Conservation Influencers

Center for International Environmental Law

USA and Switzerland

The Center for International Environmental Law (CIEL) was founded in 1989. Its core mission is, in its words, ‘to use the power of law to protect the environment, promote human rights, and ensure a just and sustainable society’. It pursues this work through legal research and advocacy, education and training.

The Center for International Environmental Law attends CITES’ CoPs, where it supports prohibition on all trade in elephant products, especially the sale of ivory by Southern African states. According to CIEL, ‘the prospect that a legal market in ivory might be restored in order to undermine poaching is an invalid argument because legal trade stimulates illegal trade and thereby increases the chance that elephants will be made extinct’. Hence CIEL believes that even speculation that the ivory trade could be legalized ‘encourages poachers’. This line of thinking leads CIEL to argue against the sale of existing stockpiled ivory and the harvesting of new sources of supply. (See: Remembering Elephants at CITES, by Chris A Wold). 

Another of CIEL’s major concerns within CITES is forestry and the enforcement of timber species’ listings in the appendices. CIEL has consistently supported the trade embargo on the sale of precious woods by Madagascar, which was imposed because of the nation’s ‘failure’ to implement CITES’ regulations on rosewood exports. This trade embargo also applied to existing stockpiles of rosewoods (originating from before they were included in CITES’ appendices), the sale of which would have no impact on the environment. CIEL has also opposed liberalising the restrictions placed on the sale of Afrormosia in the Democratic Republic of Congo (DRC).

More broadly, CIEL campaigns from a legal perspective against the fossil industry and on climate change-related issues.

Leadership

Carroll Muffett, President and CEO, former Deputy Campaigns Director at Greenpeace USA.

Governance

Board of Trustees chaired by David Mattingly.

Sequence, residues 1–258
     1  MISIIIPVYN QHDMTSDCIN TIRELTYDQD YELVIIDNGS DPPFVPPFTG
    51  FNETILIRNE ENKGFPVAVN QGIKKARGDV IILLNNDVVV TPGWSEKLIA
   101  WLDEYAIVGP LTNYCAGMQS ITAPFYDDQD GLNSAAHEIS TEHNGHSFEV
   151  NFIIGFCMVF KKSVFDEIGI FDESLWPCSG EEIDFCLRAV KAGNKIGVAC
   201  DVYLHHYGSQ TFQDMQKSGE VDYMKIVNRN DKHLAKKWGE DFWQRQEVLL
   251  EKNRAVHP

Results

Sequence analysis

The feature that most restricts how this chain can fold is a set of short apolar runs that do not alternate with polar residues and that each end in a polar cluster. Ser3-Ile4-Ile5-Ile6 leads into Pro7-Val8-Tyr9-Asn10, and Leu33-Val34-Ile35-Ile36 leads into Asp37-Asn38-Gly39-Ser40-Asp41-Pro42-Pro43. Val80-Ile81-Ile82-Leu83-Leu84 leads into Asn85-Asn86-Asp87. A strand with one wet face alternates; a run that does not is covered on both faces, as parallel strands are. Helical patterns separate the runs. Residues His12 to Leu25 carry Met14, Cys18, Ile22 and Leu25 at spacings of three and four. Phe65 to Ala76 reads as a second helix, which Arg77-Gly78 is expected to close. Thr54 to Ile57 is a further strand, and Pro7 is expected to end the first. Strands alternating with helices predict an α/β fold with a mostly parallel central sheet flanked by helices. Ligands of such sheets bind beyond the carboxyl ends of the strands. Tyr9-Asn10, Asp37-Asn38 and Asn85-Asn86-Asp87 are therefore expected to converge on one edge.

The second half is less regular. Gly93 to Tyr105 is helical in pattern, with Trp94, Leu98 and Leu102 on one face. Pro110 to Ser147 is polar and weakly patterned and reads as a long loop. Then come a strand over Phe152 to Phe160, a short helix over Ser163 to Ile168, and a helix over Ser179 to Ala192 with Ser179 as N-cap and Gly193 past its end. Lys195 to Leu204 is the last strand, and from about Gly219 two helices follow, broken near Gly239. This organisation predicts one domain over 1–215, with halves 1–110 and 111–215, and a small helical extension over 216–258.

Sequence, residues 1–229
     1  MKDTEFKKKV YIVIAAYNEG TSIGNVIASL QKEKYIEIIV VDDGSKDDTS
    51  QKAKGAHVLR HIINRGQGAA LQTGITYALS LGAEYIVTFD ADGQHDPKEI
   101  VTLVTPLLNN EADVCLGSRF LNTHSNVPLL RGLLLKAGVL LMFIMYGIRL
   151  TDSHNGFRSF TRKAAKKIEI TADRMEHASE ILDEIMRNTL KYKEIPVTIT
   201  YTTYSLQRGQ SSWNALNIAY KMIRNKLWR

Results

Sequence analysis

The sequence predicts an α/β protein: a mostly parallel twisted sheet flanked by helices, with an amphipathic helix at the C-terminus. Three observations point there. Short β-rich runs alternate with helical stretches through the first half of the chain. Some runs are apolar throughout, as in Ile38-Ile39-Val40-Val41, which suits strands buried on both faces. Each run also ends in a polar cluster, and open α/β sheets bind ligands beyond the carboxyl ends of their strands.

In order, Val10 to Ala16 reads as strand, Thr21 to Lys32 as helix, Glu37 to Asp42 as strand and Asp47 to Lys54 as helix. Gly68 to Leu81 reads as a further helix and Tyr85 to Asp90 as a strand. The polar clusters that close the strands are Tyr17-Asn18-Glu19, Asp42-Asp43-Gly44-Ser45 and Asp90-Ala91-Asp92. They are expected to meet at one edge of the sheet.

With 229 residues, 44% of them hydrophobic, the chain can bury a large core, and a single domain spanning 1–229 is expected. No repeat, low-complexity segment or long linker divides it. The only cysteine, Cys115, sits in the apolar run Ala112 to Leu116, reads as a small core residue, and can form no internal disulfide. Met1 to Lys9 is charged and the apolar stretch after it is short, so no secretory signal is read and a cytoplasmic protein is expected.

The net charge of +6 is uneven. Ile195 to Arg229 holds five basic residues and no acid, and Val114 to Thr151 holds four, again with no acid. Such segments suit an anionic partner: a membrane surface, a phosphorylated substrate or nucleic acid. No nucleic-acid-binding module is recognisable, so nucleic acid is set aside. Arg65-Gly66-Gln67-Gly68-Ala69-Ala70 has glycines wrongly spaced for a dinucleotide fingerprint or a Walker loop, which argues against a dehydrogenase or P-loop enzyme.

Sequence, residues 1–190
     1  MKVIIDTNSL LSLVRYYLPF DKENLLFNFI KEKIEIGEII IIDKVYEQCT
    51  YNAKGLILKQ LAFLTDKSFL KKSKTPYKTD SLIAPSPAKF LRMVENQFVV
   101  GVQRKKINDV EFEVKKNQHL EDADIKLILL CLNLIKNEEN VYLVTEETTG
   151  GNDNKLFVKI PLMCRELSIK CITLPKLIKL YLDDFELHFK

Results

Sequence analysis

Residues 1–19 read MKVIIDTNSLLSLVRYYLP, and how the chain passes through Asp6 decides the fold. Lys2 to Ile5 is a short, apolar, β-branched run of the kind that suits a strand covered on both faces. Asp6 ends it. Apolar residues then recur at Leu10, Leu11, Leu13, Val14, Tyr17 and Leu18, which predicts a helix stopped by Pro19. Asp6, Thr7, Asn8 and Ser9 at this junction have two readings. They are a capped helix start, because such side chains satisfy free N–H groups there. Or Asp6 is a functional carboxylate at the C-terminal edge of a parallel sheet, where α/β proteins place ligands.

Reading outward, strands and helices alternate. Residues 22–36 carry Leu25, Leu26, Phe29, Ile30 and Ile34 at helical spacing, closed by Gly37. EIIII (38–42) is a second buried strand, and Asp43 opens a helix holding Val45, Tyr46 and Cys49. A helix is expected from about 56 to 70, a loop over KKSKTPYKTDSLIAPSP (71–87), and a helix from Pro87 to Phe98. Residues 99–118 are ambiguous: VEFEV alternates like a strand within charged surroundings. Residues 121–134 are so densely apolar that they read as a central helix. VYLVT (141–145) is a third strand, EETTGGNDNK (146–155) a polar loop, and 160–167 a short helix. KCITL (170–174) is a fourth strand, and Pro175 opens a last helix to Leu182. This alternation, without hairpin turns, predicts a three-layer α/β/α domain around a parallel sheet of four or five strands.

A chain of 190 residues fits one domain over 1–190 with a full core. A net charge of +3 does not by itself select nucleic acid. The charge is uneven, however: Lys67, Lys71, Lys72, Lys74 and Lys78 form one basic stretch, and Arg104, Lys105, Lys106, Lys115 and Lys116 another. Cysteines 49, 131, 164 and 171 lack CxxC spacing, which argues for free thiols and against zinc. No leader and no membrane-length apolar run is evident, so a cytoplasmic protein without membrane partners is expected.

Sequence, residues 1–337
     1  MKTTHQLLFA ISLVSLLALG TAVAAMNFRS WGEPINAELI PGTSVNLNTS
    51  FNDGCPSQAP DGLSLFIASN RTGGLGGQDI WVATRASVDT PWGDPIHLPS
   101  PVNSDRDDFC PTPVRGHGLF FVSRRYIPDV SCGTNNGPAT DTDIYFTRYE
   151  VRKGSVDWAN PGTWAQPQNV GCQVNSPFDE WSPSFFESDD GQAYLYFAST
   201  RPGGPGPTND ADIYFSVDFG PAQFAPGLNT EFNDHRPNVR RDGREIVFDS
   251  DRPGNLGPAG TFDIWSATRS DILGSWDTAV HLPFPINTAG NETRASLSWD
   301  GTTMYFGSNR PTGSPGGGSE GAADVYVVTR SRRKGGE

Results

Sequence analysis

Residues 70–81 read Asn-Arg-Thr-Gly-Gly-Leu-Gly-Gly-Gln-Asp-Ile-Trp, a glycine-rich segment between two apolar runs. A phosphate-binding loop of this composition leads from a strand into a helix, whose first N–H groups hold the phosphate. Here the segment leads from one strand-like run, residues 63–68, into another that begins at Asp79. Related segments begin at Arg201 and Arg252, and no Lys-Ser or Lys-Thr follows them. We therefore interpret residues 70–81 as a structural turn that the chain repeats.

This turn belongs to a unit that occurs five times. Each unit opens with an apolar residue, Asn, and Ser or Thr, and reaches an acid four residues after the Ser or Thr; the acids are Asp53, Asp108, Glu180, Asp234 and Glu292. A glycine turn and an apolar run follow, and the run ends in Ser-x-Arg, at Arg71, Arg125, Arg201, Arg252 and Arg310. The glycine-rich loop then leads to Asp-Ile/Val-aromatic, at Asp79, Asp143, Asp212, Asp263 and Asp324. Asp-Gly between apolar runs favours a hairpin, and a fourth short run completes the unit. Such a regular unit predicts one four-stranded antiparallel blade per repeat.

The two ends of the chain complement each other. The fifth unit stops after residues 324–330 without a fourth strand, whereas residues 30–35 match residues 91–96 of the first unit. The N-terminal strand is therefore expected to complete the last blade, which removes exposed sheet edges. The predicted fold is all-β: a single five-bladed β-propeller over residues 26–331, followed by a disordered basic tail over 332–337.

Finances

According to its annual report, in 2020 its revenue was USD4,526,548 and its expenses were USD3,647,631. One of its institutional funders is the Oak Foundation.

About the directory

Conservation Influencers is a searchable directory of the animal activist, environmental and ecological lobby. It examines the history, mission, methodology and reputation of NGOs to assess their impact on the global conservation cause.

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Franz Weber Foundation

From 1990 until 2015, Franz Weber Foundation (FFW) managed the Fazao-Malfakassa National Park in Togo, which was, according to an in-depth investigation by Duke University, ‘established by forcing the local communities off their land and without taking into consideration their point of view’. That same study cited convincing evidence from reports published in 1990, confirming that competition for land use was already ‘creating conflict between the local communities and park managers’. In 2015, Togo refused to renew FFW’s contract because, the report says, ‘local communities were still excluded from the management of the natural resources of their land’ and FFW had ‘failed to fulfil its contract’. Franz Weber Foundation plays a major role within CITES because it funds and manages from Switzerland the African Elephant Coalition (AEC), which represents 32 African range states, some of which have barely any elephants and others none at all. Contrary to the wishes of the range states in Southern Africa, which manage most of the world’s wild elephant populations, the AEC at CITES’ CoPs repeatedly tables proposals to put all of the world’s elephants in appendix I. And the AEC uses its voting power to keep in place prohibitions on ivory sales and all other trade in elephant-related derivatives, including skins and hair, which Southern African nations wish to legalise.

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